IntroductionThe altimeter described in this Web Page was built for the Cirrus One rocket, which was launched in April 2001. This altimeter is based on Paul Kelly's design with minor modifications. The altimeter serves two important functions: (1) to record the maximum altitude achieved by the rocket; (2) to deploy the recovery system. The maximum altitude attained is indicated by an audible code. The recovery system is triggered in two stages, the first being at the peak altitude, and the second at an altitude of 700 feet (200 metres) during final descent. This allows for a "drogue" recovery system to be initially deployed, which allows for fairly rapid descent (to avoid excessive downrange drift) of the rocket. The main system, typically a parachute, is deployed nearer the ground to provide for a final soft touchdown.
The altimeter is fully electronic, with the peak altitude recorded in non-volatile memory. The heart of the circuit is PIC16F84 programmable microcontroller chip. The altitude is sensed by a barometric pressure transducer, interfaced to a TLC542 analog-digital (A/D) converter chip. The two recovery stages are triggered by relays, which in turn, are interfaced to pyrotechnic deployment systems. For the Cirrus One rocket, the "drogue" system was a dual 4 metre nylon fabric streamer, and the main system was a parachute of one metre diameter, as described in the Parachute Design and Construction Web Page.
ConstructionRather than utilizing printed circuit board (PCB) as with Paul Kelly's design, I decided to use prototyping board instead, with which I had plenty of previous experience. Prototyping board (or Veroboard) is phenolic circuit board with rows of single sided copper strips running the length of the board fitted with 0.04" holes spaced 0.10" apart. The electronic components are simply inserted into the board at convenient locations (on the non copper clad side), then soldered in place. Wires may then be soldered in adjacent holes to connect the various components.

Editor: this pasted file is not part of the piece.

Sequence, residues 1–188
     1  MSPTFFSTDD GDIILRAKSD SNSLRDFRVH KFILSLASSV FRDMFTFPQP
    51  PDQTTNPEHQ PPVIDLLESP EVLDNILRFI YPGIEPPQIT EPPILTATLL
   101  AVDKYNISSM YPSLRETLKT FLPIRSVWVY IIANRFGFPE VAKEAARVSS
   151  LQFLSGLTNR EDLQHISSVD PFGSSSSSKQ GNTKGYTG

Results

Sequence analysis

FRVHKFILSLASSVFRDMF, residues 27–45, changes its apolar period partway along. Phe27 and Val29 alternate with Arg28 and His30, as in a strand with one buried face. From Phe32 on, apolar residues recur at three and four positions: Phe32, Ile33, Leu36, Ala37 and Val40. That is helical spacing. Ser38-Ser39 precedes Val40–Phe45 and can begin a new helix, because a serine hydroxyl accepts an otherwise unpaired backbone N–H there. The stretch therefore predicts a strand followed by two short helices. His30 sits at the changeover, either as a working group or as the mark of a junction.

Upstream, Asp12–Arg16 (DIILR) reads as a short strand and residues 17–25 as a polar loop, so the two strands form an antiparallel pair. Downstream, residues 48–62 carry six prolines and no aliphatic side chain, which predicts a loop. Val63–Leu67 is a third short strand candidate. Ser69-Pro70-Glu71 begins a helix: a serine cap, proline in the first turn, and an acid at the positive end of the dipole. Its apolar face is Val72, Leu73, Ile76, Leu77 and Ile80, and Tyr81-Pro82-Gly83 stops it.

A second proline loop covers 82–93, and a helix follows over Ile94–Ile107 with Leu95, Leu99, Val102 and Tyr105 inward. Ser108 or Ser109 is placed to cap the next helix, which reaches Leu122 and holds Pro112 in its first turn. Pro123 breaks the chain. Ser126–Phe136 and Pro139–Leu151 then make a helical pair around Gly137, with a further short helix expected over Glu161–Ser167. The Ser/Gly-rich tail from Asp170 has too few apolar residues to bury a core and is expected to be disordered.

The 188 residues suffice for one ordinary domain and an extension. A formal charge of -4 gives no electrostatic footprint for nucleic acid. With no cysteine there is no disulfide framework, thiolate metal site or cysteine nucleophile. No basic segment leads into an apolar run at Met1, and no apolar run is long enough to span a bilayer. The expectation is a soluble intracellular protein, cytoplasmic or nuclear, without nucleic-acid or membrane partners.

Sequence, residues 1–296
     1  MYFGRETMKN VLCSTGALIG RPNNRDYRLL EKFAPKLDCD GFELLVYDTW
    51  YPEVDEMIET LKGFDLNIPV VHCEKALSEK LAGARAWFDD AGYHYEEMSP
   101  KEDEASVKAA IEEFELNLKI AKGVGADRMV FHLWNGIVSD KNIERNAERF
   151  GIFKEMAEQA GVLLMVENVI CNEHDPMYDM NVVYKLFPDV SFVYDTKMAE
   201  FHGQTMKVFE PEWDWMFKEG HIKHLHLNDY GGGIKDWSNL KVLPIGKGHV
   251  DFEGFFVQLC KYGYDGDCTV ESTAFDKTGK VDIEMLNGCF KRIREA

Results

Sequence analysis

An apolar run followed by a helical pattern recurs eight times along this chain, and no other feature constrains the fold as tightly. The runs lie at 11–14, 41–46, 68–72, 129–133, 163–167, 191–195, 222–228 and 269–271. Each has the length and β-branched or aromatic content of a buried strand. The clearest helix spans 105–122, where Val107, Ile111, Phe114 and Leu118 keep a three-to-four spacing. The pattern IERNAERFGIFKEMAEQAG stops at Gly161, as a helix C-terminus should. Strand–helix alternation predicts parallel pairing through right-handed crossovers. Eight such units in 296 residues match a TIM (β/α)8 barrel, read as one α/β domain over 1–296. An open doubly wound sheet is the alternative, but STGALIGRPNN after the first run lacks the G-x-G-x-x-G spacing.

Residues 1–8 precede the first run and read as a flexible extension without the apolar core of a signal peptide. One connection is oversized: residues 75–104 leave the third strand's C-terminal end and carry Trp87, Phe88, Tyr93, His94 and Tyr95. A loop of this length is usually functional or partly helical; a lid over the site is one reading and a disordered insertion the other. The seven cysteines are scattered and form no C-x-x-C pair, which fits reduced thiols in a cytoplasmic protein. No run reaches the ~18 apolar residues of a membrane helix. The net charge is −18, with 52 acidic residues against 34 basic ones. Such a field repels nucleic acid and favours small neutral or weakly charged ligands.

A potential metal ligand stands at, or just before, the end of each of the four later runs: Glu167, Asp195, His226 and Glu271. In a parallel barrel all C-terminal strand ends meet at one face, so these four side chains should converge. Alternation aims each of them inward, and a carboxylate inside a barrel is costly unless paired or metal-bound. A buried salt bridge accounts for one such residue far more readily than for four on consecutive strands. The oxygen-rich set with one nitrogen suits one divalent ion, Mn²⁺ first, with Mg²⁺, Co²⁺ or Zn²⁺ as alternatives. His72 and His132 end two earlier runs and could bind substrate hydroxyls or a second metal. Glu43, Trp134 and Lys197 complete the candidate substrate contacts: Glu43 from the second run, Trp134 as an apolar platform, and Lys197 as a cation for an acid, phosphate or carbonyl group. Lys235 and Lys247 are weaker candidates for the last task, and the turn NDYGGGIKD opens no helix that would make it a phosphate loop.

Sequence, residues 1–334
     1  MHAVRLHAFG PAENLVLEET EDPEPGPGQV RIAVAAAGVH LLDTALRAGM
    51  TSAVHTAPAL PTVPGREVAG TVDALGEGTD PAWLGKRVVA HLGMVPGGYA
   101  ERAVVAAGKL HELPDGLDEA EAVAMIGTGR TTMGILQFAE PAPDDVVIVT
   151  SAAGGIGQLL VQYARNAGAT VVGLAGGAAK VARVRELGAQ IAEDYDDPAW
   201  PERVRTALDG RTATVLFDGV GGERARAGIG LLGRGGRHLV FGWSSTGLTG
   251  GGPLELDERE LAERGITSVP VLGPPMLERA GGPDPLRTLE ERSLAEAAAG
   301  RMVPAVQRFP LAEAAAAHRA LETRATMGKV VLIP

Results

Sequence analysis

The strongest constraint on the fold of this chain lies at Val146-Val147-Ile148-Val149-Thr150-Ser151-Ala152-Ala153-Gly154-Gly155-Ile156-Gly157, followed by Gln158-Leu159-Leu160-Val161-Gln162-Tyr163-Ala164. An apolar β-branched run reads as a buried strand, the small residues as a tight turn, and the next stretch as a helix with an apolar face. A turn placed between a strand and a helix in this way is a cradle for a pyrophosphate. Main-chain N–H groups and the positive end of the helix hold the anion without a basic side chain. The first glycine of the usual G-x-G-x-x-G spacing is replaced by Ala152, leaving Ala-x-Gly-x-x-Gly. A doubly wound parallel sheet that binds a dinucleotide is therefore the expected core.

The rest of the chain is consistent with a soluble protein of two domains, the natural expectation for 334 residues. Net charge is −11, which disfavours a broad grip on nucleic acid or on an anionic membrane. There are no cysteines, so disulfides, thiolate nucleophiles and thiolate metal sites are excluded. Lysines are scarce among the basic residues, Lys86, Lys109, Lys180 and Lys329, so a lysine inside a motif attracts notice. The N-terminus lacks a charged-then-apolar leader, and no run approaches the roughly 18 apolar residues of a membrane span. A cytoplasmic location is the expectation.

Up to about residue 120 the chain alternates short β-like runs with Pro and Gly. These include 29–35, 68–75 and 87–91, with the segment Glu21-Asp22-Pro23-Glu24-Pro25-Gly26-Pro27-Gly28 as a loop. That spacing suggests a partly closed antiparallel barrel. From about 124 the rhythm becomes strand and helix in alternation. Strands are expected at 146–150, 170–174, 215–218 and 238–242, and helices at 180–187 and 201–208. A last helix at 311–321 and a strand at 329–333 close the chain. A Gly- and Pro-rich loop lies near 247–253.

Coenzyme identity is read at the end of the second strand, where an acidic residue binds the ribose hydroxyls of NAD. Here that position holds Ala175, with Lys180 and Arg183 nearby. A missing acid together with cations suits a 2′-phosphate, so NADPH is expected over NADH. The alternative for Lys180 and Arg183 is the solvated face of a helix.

Note that the two 10k resistors connected between rb1, rb2 and ground are optional, but recommended to ensure that these two pins are at ground level at startup.|
The 5 k potentiometer is to be adjusted to 3.9k ohm resistance before installing this part into the circuit. Setting the pot. to this value pre-calibrates the unit. Fine adjustment to the pot. may be peformed later if it is desired to calibrate the unit using a vacuum chamber, although this is not necessary.
Note that two power supplies are required, one to power the altimeter, and one to fire the pyro squibs for streamer & parachute ejection. For the 6V source, I used 4 AA cells, and for the 12V source, I used two Duracell "J" "flat pack" 6V photo batteries wired in series.
Note that IGN 1 is the igniter wire for the drogue system (fired at peak), and IGN 2 is the igniter wire for the parachute system (fired at 750 feet descent altitude). I used a 3mm length of #36 nichrome wire for the igniters, which triggered separate black powder charges.
ProgrammingThe PIC chip needs to be programmed before the altimeter can be used. The software that I used (Altv45) is valid for altitudes of up to 10,000 feet.
For me, programming was the most problematic part of the altimeter project. There are various PIC programmer designs available on the net, consisting of relatively simple hardware, as well as associated PC software. I built the NOPPP programmer, which was recommended by a fellow amateur rocketry buddy who had previously built this altimeter (as well as the NOPPP programmer) and had had good success with it. Unfortunately, I could not get the programmer that I built to work properly, the cause most likely being an incompatibility of the NOPPP with my PC. In the end, my rocketry buddy sent me a PIC chip that he programmed for me.